Tough natural hog casings
I just finished up a batch of sausage yesterday and the casings were tough… My first thought was that the small batch I had oven baked were overcooked, but I baked some more this morning with the same result… I also smoked some… same result.
I had soaked the casings for over a week, changed the water 3 times, flushed the insides and soaked in warm water for about 30+ minutes before stuffing… same as I have many times in the past…
These were purchased from Waltons about 3-4 months ago, have been kept refrigerated, packed in the salt they arrived with… I had used casings from this batch 2x before (prepping them just about exactly the same way) with no problem…
What am I missing here?
@raider2119 There could be a few things that might have happened here. First, leaving them in water for that long might not be the best idea. I generally take out what I need and leave the rest in the salt solution, soak what I need in warm water for 30 minutes and then flush the inside. I have never tested taking them out and putting them in water for a week so I can’t say for sure that is the issue but it is the first thing that jumped out at me.
The most common reason for a tough hog casing (or really any casing) is cook schedule, if you start it out too high it can create case hardening. The fact that this happened across multiple batches that were cooked in different ways leads me back to the soaking them for a week as being the issue here.
Can you provide me with your cook schedule and what product you were making with what meat block? Also was it a 100 yard hank of the casings or the smaller homepack? I’ll see if we can’t get a better answer on why these were so tough when other casings from the same bag that were treated the same way did not give you a tough casing.
This was the smaller home pack of casings…
Boston Butt to make breakfast sausage (spice blend from Waltons)… BTW, it’s REALLY good!!!
+/- 45 minutes in convection oven at 350 degrees (these were slightly overcooked)
1 hr in smoker @ 150 degrees, 1 hr @ 225 degrees, removed at IT of 170 (they look beautiful!!!)
+/- 30 minutes in convection oven @ 350 degrees
@raider2119 Your cooking processes look good other than I wouldn’t cook to an internal temp of 170, there is no need to go above 160° with pork so that may play a part but since you followed the same process with your other batches I think we can say that isn’t the main factor.
So, I am back to thinking it had something to do with soaking them for a week, maybe the water had some hard minerals in it and it transferred to the casing? That’s the only thing I can come up with other than of course maybe the casings were just tougher than normal from the processor? I will keep looking to see if I can come up with any other information.
Was there anything at all that was different between these batches and others?
You may have hit the problem, very possibly a water quality issue… That actually is a difference from last time I used these casings… I will look into this (process another batch) later this week… Thanks! R…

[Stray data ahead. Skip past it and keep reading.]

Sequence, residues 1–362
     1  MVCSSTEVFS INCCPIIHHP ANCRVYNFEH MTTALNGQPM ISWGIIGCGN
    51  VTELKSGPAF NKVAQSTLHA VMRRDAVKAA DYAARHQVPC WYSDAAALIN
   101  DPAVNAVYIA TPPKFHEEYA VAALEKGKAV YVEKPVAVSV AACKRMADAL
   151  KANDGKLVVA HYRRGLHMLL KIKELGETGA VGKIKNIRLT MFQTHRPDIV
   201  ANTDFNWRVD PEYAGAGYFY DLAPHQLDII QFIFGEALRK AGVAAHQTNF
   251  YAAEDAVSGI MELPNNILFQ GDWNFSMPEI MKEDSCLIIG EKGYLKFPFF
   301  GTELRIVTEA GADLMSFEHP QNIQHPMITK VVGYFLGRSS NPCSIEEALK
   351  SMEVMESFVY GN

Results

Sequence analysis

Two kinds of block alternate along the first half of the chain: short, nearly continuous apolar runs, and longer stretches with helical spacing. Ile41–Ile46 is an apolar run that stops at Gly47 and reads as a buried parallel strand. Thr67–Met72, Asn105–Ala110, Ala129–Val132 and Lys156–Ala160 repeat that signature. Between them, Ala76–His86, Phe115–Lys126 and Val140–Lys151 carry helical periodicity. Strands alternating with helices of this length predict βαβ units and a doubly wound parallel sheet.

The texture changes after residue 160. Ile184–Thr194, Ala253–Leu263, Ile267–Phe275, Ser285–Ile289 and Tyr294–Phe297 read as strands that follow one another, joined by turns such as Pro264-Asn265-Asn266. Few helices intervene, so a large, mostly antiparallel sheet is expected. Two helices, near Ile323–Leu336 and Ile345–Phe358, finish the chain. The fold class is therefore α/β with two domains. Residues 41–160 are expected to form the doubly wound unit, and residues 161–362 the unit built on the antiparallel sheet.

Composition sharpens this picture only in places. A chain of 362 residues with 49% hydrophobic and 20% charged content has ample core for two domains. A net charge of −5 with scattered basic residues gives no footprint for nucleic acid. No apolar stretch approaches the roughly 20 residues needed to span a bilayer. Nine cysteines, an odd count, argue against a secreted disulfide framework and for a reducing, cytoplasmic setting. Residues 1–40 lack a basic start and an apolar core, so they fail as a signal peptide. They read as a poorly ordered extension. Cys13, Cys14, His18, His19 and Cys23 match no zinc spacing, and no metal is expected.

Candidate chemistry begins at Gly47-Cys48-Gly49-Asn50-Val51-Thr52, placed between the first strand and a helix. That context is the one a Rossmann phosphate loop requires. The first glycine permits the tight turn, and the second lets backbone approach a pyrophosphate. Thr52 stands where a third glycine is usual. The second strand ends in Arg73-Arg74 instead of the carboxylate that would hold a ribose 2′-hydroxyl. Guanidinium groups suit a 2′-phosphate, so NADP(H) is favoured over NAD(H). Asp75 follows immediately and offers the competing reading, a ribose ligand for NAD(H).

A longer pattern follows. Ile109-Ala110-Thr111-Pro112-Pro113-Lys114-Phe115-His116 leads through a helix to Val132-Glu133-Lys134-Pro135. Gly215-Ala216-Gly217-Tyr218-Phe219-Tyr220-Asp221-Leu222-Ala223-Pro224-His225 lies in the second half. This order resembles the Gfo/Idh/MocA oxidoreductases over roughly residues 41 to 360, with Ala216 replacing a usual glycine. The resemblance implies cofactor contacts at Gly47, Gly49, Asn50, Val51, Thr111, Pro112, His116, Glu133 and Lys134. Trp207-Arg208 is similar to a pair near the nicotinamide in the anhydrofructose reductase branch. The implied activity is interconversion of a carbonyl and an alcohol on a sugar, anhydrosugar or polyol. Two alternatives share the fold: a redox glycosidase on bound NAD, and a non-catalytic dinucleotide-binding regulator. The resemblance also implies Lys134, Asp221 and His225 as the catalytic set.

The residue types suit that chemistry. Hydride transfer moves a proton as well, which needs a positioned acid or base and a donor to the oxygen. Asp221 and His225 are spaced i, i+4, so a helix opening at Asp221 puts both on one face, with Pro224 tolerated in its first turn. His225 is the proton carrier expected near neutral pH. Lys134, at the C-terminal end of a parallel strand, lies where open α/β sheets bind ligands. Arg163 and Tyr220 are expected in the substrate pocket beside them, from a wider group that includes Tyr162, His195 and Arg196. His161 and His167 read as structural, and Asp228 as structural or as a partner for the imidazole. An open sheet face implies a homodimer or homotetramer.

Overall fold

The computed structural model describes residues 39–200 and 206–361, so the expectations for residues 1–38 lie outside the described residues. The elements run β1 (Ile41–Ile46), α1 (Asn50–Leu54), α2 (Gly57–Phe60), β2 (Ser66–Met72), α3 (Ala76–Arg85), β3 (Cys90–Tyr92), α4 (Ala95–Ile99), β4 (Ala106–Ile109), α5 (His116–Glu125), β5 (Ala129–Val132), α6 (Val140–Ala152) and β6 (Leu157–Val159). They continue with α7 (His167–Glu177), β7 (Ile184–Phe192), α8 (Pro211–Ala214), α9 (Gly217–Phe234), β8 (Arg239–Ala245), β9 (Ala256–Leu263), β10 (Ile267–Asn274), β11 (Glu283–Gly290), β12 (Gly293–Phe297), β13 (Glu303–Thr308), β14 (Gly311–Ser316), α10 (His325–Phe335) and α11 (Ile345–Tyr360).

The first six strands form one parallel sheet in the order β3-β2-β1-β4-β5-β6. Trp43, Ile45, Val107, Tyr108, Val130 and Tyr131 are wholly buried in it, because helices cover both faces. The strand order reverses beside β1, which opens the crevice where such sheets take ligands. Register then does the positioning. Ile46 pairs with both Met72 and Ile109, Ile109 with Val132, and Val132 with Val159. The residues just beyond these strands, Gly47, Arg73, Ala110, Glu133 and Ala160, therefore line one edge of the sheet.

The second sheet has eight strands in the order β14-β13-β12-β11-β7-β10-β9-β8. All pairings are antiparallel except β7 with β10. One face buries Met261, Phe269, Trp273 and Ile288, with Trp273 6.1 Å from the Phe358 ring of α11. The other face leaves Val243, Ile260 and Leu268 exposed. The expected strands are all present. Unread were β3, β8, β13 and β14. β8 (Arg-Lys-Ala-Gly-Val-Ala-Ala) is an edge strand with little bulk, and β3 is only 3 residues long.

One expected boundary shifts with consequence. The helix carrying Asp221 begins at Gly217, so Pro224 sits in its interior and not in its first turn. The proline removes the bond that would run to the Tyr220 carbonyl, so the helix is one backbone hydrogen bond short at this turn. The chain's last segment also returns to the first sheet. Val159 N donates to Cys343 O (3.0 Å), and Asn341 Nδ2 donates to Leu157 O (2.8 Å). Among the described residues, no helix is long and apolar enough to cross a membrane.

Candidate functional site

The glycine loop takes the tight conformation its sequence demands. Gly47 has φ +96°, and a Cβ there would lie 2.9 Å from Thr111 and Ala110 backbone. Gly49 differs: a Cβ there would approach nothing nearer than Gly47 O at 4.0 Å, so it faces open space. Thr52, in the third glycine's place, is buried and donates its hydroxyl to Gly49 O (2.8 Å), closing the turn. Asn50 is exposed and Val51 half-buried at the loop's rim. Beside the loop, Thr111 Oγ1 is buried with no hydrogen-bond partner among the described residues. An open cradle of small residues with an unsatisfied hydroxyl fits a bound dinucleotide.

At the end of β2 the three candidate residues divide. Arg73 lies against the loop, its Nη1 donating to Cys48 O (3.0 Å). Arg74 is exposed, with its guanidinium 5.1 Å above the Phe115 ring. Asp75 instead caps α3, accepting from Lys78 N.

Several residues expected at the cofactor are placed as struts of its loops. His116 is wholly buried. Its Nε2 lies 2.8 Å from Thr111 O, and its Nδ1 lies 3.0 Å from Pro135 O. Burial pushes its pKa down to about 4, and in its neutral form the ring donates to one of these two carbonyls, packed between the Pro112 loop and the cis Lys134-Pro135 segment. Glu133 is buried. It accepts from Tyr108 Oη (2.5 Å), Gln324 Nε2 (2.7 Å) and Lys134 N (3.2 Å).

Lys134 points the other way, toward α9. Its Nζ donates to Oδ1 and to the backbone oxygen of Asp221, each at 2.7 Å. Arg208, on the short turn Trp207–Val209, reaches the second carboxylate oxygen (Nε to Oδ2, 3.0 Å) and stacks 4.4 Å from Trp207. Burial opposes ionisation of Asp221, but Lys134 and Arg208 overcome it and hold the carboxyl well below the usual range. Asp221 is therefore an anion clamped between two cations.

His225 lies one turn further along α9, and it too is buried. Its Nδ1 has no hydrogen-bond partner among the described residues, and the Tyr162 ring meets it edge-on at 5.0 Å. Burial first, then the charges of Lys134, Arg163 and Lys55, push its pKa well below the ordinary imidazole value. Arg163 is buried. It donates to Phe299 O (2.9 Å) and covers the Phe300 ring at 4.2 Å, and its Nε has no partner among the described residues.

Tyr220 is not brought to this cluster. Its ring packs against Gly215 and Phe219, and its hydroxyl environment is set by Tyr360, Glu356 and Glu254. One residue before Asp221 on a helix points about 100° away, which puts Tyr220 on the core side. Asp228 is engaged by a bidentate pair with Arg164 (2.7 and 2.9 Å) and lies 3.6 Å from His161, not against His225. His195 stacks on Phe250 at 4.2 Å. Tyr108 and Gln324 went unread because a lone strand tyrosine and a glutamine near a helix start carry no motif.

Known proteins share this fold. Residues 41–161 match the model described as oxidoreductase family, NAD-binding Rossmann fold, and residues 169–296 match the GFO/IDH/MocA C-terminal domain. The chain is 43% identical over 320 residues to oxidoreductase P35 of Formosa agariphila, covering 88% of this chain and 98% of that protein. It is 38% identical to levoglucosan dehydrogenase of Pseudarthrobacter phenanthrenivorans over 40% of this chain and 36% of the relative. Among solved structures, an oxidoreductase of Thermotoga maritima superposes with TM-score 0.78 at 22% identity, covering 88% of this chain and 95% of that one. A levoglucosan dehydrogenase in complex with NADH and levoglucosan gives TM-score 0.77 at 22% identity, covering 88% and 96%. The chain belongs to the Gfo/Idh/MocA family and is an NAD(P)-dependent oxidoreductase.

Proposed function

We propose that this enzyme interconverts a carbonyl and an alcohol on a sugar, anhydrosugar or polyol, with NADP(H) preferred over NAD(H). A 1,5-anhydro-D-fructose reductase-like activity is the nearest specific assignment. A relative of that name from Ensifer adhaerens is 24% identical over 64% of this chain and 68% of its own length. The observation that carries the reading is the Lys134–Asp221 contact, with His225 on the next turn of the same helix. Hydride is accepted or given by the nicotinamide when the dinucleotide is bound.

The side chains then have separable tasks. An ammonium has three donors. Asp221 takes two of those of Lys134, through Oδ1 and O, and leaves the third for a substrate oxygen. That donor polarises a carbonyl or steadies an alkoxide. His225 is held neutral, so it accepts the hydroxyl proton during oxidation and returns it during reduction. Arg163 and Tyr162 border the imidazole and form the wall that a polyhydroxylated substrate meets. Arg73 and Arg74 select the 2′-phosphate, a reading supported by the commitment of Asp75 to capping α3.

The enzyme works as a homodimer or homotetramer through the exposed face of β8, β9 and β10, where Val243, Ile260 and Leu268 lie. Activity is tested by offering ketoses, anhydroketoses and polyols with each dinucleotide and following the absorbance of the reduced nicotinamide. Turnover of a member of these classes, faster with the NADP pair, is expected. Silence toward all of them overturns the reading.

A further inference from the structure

Thank you, I really appreciate it. That is what I pretty well figured I would do & just put everything in one of those Aluminum BBQ pans I keep then into the coolers lined with Blue Ice at the bottom. The transport is only 4-5 hours, so I think it should be OK, so long as I cool it all down over night first. The ham I ended up with is 25 pounds so I will do one pan for the turkey, another for the ham (that may end up shredded), & others for smoked oyster stuffing, cream corn, sweet potatoes, smoked mashed potatoes, etc. Thank you for all your help, I really appreciate it.
I wish we could help out more on this one, but this is using someone else’s recipe and process in a way I don’t feel comfortable with (since they recommend not using a cure or nitrite/nitrate). There really isn’t an answer I’d feel safe giving you since this is not something we’ve done and tested like this before.
My suggestion on hams is always to follow our standard recipe here:
My best alternative suggestion is to look for more information from a state University Meat Extension Department. They have usually done the proper research and development to provide better guidance. The University of Missouri has an article here that might be of help: https://extension2.missouri.edu/g2526
For the future, I’ll see if we can develop a recipe and process here to provide better guidance towards processing hams in this manner.
New to the forum and excited to learn! Looking to smoke my first batch of summers on my smoker. I noticed they have strings for hanging, but my smoker is set up more like a traditional barrel grill.
Questions: If I lay my summers on the grate of the smoker, will the casings burst/burn?
Thanks in advance!
The article does not cover when to cold smoke a cured ham. I have 16 wild hog hams in brine as of last night. I need to know at what point do I put them in the smoke house for this phase of the process.
For this version of Landjaeger, we did actually cook it. It could be made differently, but for our entry level MeatgisticsU course, it’s easier and safer to give instructions on doing a proper thermal processing. (Someday we will have to try to get to doing a completely traditional dry cured version.)
Smoked Meat Stabilizer and Sodium Erythorbate are similar to each other, but definitely not a replacement for a real cure, like Sure Cure. They simply act as cure accelerators, speeding up the conversion of nitrite in sausage during thermal processing. Using an accelerator (like one of these, or Encapsulated Citric Acid) allows you to skip the holding stage after stuffing and go straight into the smokehouse.